The Ninth Civil Chamber of the Supreme Court of Appeals ruled for discrimination compensation in the case of a female employee who was dismissed from her job after notifying her employer that she was pregnant.
The woman, who worked as an occupational safety specialist at a company in Istanbul, was fired two days after filing a report about her pregnancy. She was fired on the grounds that "she had communication problems with her colleagues and the manager and spoke with the manager in a disrespectful way."
Claiming that the real reason behind her firing was the pregnancy, the woman applied to the labor court for discrimination compensation and overtime pay claims, while the employer argued that the pregnancy was not the reason for the layoff.
After the Istanbul Third Labor Court rejected the request for compensation on the grounds of insufficient evidence that the employment contract had been terminated maliciously due to the plaintiff's pregnancy, the woman took her case to the Ninth Chamber of the Supreme Court of Appeals, which concluded that she was discriminated against due to pregnancy and the employment contract terminated as a result.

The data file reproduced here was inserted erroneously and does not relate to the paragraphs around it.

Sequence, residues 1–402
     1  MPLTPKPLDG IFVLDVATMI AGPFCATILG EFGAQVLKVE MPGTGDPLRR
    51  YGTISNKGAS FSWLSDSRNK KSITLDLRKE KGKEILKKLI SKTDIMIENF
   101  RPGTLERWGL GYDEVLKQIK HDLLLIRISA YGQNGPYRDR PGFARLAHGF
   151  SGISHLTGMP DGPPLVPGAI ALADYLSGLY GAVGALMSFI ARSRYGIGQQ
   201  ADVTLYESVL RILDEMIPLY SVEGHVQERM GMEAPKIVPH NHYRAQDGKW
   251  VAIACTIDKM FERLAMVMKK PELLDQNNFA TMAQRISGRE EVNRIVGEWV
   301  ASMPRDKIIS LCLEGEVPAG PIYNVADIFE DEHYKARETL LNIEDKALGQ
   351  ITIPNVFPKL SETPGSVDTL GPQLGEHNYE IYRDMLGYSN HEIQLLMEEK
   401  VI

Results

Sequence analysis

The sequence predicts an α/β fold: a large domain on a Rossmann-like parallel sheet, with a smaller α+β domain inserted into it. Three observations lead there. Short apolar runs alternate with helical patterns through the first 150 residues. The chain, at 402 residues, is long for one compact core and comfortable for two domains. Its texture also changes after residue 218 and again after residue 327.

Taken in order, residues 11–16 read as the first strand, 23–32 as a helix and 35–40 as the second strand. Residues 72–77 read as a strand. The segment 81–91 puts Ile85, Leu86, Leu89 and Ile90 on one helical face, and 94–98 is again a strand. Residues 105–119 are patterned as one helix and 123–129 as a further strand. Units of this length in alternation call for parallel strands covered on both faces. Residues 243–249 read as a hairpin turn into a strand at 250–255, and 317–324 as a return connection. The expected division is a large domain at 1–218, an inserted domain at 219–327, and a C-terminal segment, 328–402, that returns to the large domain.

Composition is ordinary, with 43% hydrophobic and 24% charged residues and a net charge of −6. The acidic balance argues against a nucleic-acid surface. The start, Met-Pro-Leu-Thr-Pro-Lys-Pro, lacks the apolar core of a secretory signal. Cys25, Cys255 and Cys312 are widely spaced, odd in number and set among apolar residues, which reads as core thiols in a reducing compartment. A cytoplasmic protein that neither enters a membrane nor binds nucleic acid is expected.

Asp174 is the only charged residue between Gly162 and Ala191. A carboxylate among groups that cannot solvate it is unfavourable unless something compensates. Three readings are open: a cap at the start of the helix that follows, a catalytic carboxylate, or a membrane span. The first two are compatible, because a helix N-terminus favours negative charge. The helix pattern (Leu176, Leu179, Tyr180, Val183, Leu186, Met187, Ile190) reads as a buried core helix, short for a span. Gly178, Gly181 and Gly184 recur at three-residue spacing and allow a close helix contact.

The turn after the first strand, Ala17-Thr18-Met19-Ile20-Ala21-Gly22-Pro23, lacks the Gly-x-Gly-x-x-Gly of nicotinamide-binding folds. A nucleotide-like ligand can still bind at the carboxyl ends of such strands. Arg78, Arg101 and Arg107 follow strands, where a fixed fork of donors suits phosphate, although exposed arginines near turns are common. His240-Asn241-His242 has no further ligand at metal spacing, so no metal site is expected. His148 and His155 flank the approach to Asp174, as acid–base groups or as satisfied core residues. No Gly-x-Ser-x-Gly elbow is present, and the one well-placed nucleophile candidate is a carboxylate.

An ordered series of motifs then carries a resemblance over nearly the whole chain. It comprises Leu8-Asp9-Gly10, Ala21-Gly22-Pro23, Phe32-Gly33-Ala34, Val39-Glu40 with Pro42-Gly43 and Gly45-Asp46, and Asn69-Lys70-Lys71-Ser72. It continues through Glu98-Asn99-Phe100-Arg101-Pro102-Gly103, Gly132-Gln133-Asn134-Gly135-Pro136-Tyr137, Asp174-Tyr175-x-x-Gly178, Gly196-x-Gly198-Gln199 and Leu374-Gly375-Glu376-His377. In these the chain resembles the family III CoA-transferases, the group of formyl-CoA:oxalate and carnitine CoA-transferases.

The court referred to Article 5 of the Labor Law entitled "Equal Treatment." It pointed to the equal treatment of employees by employers, to not differentiate among employees unless there was a just and objective reason. The court emphasized that the employer was prohibited from arbitrary discrimination among employees.
The principle of equality is taken into consideration by the Universal Declaration of Human Rights together with the Constitution and the European Convention on Human Rights, the decision noted, adding that the directive of the European Parliament and European Council of July 5, 2006, stated: "A woman on maternity leave has the right to return to her work or an equivalent position after the expiry of her maternity leave in conditions that are not more disadvantageous to her, and to benefit from any improvements she would have made during her absence in working conditions."
The court ruled that the worker did not cause negativity in the workplace, adding that her work had been appreciated by the manager as well.